At the new house in Madison, the back yard was divided into a couple of sections with two wide swaths of grass bordered in-between by a row of pines, yews, and birch trees. One of these pines was old, tall, and stately, and from its branches, my father generously rigged up a tire swing for us "children" to play on--part of his plan to help acclimate us to the new house and neighborhood, I'm sure.
The branches of this lovely tree draped down from above in fragrant swoops of soft green boughs, creating a dark, shady oasis above soft needles, fallen leaves, and rabbit holes. It was a private place, where we could swing to our hearts' content in the afternoons, entering the worlds in our heads while surrounded by Nature's soothing sounds. Soft breezes singing through the trees, dappled sunshine just out of reach of the shady oasis, little songbirds flitting about, and the rich smell of dirt and leaves punctuated by a few purple irises popping up in the spring were my companions.
I was a sophomore in high school at the time, that awkward age when appearances matter and coolness is everything.
It was rare that my friends came to visit, but one evening I had a few people over, and we went out into the backyard to have some privacy from the parents and hang out smoking forbidden cigarettes under the trees. It was a mixed group, but mostly boys, so my attempts at coolness factor were cranked way up. We gravitated towards the tire swing, and when my turn came, I climbed in, hanging my legs through the middle and folding my arms across the top of the tire and around the rope.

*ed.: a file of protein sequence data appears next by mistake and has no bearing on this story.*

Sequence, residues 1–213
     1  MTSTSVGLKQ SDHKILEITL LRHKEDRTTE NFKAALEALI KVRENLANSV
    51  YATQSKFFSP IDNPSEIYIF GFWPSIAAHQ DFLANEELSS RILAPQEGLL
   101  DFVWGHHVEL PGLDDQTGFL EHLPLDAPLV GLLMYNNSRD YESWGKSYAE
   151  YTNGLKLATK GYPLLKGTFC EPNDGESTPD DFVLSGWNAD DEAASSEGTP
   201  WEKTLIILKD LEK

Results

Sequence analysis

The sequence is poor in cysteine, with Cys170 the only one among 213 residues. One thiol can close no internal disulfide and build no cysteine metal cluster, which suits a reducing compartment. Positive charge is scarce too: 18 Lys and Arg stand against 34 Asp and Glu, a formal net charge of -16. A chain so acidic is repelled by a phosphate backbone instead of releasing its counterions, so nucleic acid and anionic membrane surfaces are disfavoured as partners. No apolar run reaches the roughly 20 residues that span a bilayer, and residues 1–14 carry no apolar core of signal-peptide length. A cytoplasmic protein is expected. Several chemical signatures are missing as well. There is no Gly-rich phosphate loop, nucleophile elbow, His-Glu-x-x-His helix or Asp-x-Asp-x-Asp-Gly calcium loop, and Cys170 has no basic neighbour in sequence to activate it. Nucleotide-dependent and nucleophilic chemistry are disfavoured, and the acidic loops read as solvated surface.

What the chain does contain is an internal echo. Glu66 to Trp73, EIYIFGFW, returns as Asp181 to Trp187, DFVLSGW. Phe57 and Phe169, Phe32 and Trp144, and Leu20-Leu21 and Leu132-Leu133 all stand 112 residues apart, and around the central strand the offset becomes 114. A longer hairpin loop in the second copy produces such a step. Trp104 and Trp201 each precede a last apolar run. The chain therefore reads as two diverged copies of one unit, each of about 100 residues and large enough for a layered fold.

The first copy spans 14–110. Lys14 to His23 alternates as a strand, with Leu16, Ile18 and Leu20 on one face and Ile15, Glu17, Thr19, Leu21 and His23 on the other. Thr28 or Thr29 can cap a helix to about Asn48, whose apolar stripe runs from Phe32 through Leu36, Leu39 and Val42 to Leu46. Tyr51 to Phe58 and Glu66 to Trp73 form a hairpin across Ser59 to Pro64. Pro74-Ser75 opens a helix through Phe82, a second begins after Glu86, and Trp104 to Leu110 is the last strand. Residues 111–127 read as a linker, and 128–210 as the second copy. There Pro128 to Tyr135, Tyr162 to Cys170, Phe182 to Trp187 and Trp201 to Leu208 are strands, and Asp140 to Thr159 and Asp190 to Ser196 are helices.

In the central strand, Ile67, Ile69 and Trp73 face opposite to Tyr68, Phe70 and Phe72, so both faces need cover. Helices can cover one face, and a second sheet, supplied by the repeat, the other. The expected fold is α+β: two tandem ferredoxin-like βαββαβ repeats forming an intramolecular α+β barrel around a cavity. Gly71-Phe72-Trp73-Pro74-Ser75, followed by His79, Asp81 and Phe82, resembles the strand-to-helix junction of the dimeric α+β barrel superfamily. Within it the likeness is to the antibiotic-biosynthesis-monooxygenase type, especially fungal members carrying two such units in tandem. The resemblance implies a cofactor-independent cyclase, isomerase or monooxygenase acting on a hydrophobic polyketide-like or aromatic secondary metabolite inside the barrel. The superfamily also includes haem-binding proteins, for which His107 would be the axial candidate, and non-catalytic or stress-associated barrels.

My friends took turns pushing and I loved the feeling of spinning and flying through the air, laughing, and having a great time, until all of a sudden the tree branch broke and I was dumped to earth with a great crack and crash of wood, flailing rope, non-bouncing tire and me, limbs akimbo and all dignity quite vanquished as I tried to extricate myself from the downed rubber donut.
That did not feel glamorous. In fact it wiped the smile right off my face, in contrast to the jaw dropping, knee slapping, belly bending guffaws of my friends. It was one of those times, you know, when you have to sort of fake it, so I started grinning around my clenched teeth, rubbing my backside, and scuffing my toes around in the leaves once I regained an upright position.
Most times trees were my allies, but sometimes, not. This tall, old, stately pine was too fragile for our shenanigans, and though I loved her even though she thwumped me in front of my friends, I think it had more to do with our misunderstanding of her capabilities as the rope for the tire swing was set up and tied than any failure on her part. Or maybe she was suggesting I spend my time in other pursuits and leave her to her inherent dignity.... Perhaps, in a way, she was guarding me.